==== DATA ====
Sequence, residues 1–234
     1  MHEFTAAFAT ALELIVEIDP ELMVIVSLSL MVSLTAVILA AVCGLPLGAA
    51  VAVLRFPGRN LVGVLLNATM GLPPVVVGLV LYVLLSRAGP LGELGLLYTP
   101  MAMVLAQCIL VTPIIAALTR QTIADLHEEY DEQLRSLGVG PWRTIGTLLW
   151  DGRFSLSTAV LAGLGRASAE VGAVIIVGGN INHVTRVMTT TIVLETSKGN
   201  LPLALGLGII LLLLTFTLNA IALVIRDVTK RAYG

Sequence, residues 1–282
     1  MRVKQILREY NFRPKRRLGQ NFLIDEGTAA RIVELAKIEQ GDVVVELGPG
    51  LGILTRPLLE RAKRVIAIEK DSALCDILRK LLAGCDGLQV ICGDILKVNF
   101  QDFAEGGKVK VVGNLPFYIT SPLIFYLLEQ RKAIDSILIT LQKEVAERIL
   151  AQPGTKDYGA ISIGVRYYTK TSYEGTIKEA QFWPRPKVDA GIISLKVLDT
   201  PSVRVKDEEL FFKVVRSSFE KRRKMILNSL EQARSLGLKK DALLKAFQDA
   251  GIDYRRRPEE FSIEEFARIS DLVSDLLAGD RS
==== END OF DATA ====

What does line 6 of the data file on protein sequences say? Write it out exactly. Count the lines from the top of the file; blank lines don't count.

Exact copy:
   201  LPLALGLGII LLLLTFTLNA IALVIRDVTK RAYG